Big Harp George | Wash My Horse in Champagne

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United States - California - SF

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Blues: Harmonica Blues Blues: Jazzy Blues Moods: Mood: Upbeat
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Wash My Horse in Champagne

by Big Harp George

Artisanal West Coast blues for the 21st century with a touch of jazz, humor, and swing.
Genre: Blues: Harmonica Blues
Release Date: 

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  Song Share Time Download
1. Home Stretch
4:17 $0.99
2. Road Kill
2:47 $0.99
3. Wash My Horse in Champagne
5:22 $0.99
4. Cool Mistake
4:00 $0.99
5. My Bright Future
5:39 $0.99
6. I Ain't the Judge of You
4:32 $0.99
7. I Wasn't Ready
5:03 $0.99
8. If Only
3:04 $0.99
9. Light from Darkness
4:11 $0.99
10. Mojo Waltz
4:39 $0.99
11. What's Big?
3:28 $0.99
12. Size Matters
4:02 $0.99
13. Justice in My Time
4:14 $0.99
Downloads are available as MP3-320 files.


Album Notes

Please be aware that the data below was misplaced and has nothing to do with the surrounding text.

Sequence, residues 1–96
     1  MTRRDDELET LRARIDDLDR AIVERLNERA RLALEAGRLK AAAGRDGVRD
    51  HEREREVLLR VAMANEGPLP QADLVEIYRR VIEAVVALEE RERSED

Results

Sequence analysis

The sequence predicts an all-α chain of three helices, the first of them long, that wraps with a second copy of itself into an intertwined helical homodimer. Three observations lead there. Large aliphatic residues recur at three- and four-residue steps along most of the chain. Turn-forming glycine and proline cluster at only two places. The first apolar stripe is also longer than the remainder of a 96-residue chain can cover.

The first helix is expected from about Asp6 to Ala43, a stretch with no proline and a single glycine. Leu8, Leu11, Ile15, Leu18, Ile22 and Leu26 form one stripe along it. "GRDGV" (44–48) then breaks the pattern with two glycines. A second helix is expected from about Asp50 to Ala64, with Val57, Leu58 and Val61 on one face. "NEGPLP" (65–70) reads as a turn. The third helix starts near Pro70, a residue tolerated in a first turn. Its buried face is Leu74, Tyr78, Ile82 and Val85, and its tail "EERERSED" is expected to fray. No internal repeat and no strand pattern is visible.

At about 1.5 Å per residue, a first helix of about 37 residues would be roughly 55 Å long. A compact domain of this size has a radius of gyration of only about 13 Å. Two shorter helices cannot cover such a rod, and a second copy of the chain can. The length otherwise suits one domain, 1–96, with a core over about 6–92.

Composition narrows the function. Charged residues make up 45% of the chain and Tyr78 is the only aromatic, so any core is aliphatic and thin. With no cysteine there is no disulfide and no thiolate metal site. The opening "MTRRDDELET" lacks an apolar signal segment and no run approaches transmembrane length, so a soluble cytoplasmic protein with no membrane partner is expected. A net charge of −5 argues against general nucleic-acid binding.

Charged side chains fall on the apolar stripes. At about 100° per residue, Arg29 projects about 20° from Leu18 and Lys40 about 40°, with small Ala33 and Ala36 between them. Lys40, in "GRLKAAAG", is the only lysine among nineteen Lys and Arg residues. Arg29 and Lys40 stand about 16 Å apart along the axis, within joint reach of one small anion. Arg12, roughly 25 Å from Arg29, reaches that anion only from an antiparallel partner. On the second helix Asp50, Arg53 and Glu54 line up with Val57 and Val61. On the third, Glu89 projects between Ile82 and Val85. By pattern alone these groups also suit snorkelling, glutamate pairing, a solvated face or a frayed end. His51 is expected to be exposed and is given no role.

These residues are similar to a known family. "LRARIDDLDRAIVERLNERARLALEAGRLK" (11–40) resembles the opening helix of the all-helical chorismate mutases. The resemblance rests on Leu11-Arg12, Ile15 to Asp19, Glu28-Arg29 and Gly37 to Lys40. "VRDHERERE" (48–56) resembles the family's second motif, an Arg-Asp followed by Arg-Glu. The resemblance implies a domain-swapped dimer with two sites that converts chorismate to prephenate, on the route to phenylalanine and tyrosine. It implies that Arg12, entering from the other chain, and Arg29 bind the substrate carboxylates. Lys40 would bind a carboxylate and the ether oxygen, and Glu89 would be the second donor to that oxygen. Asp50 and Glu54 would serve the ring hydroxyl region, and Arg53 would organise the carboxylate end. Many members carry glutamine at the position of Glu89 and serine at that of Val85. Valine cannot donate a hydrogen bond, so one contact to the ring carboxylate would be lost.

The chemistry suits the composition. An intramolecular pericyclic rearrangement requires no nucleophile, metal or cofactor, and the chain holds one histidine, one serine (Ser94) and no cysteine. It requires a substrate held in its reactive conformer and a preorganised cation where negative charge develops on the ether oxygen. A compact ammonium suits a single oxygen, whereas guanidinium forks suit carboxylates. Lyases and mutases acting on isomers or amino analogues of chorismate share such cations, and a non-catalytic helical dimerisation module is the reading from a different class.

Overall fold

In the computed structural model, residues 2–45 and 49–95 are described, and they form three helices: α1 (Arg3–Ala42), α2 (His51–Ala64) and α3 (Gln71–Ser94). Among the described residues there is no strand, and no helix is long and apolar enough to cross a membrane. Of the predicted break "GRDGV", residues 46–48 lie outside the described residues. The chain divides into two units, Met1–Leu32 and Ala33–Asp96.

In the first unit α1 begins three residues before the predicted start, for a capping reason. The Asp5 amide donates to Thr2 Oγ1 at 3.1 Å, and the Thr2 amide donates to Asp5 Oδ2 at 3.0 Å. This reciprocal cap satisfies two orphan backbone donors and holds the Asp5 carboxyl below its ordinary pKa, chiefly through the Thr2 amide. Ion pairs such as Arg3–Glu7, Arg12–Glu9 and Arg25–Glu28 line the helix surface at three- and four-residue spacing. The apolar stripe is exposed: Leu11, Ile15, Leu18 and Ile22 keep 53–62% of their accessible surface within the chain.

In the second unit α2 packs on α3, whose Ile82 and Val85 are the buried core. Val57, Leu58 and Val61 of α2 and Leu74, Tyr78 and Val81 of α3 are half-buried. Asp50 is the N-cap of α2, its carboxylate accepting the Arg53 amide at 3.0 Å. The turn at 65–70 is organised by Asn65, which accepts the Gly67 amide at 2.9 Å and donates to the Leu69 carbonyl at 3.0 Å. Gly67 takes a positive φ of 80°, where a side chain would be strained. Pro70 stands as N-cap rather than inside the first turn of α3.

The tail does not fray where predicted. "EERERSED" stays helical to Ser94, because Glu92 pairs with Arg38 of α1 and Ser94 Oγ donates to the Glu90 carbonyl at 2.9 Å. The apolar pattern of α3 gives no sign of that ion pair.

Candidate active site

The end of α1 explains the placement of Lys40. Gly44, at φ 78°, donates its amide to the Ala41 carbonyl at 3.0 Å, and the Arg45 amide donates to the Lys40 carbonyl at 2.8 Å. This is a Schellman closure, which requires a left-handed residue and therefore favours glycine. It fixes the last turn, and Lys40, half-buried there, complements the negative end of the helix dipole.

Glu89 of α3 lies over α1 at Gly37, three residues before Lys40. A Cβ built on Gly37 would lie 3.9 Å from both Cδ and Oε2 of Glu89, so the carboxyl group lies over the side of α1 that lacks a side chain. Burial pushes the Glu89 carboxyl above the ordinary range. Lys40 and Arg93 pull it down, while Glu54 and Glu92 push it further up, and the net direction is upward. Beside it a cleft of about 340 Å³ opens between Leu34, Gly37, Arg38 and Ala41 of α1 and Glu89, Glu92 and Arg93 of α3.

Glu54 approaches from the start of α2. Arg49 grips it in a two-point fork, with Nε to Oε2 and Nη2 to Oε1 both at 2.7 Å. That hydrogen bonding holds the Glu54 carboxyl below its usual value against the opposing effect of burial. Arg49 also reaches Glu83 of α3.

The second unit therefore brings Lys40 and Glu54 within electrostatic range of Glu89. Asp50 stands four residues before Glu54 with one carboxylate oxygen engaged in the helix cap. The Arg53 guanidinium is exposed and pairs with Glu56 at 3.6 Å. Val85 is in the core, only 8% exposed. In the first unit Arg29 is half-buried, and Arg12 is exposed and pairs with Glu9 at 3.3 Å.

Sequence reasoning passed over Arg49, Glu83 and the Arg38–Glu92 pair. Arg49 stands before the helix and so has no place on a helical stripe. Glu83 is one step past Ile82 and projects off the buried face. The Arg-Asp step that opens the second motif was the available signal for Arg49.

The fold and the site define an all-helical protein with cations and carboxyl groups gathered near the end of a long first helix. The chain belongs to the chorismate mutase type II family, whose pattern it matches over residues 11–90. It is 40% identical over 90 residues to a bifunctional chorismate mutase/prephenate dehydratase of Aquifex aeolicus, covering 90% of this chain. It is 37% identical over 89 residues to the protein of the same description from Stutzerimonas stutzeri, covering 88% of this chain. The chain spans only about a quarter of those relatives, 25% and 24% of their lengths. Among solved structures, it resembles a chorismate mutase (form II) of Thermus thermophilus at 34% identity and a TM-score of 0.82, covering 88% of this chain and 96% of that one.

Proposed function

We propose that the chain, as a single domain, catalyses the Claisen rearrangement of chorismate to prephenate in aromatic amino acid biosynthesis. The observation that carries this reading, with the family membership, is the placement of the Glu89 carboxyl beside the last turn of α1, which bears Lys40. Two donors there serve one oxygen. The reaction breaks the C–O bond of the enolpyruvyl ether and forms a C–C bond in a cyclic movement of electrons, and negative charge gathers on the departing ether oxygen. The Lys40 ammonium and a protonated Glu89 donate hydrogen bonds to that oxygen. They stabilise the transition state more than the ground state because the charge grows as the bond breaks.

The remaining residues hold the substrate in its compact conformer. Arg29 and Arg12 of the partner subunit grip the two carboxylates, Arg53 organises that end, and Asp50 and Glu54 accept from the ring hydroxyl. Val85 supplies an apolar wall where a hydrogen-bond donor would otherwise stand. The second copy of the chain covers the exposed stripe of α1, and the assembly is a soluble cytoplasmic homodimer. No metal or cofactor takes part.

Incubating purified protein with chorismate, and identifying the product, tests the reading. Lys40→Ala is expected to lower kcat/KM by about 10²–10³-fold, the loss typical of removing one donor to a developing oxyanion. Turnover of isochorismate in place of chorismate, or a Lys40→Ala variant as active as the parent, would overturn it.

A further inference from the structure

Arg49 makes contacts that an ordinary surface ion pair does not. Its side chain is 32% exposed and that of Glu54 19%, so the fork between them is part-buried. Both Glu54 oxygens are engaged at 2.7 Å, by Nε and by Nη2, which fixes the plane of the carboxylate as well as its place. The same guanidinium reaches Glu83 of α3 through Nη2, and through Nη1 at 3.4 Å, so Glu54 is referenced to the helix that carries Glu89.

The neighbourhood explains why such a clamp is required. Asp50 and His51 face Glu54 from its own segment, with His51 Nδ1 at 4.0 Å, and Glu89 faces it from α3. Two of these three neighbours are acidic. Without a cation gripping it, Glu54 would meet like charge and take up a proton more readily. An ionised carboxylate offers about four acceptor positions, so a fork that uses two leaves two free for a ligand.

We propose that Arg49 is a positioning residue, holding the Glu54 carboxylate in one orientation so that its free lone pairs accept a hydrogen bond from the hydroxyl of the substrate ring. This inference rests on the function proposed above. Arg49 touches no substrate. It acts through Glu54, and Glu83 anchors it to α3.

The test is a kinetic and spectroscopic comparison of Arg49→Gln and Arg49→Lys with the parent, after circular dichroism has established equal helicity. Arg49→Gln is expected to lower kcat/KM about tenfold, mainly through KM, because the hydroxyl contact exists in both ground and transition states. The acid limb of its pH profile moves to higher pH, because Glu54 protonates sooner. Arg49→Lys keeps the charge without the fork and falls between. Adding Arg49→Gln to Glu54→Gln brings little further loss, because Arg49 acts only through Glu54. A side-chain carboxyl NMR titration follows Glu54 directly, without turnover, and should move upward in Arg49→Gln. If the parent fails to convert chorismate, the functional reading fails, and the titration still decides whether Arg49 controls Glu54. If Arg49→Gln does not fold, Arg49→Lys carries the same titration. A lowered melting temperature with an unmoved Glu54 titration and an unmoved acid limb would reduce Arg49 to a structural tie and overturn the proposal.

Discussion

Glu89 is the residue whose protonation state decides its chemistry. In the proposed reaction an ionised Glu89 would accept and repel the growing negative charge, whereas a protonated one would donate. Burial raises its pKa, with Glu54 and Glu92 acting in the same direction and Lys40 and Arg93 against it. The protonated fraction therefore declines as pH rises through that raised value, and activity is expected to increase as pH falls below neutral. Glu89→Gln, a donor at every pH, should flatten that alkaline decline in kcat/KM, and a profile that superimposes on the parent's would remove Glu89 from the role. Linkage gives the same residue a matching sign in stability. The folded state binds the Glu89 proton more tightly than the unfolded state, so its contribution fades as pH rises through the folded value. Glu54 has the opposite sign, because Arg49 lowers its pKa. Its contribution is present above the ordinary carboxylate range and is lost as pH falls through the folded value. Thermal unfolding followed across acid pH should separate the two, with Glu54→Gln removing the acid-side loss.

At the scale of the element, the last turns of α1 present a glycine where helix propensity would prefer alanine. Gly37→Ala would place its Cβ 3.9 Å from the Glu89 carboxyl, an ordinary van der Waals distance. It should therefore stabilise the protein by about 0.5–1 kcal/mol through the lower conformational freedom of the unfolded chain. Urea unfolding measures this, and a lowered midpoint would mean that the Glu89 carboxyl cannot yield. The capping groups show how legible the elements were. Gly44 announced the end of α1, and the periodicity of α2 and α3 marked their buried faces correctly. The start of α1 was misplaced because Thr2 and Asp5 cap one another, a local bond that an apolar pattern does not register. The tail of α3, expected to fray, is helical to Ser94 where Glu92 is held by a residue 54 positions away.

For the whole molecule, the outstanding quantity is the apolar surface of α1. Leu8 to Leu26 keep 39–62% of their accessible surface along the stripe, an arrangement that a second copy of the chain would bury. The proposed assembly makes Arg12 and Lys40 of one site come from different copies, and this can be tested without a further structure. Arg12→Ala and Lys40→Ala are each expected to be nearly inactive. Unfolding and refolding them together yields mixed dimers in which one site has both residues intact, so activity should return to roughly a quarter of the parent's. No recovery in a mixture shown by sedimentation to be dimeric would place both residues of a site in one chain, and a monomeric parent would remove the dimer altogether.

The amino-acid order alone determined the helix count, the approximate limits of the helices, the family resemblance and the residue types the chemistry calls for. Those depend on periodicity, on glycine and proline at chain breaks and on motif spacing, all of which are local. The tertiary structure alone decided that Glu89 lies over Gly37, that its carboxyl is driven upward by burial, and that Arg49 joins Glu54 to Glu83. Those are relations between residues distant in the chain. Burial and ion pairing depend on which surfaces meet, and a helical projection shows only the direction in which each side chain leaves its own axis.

This release is the latest from San Francisco's Big Harp George, the first recorded blues artist to make the chromatic harmonica a full time instrument. It follows his Blues Music Award and Blues Blast Magazine award nominated debut album "Chromaticism," of which critic Thomas Joseph Cullen III commented: "I haven't been this impressed by a harmonica player's national debut since William Clarke's 1990 tour de force 'Blowin' Like Hell.'" Wash My Horse in Champagne offers George's take on 21st century West Coast blues in thirteen stunning original songs. The lyrics derive from his own life and personal experiences, including those gained living and traveling abroad in Brazil, the Middle East, and elsewhere. Musically, George builds on the legacies of George Smith, William Clarke, Paul DeLay, and extends the West Coast tradition of incorporating influences from jazz. BHG says: "While I feature the “big harp:” the chromatic harmonica minimally exploited in blues, I am a musician first for whom the harp is a means to an end. To me the song is central, and I will do what is required, to my ear, to serve the song. I vary my chromatic attack by playing amplified and acoustically, and by employing first, second, and third “positions” (harp talk for different key relationships between harp and song). But I don’t hesitate to pick up the ten-hole diatonic - or put the harp down altogether - when the music calls for it." Big Harp George's newest release is yet another indication of a 21st century Bay Area blues renaissance, of which blues and jazz audiences would be wise to take note.



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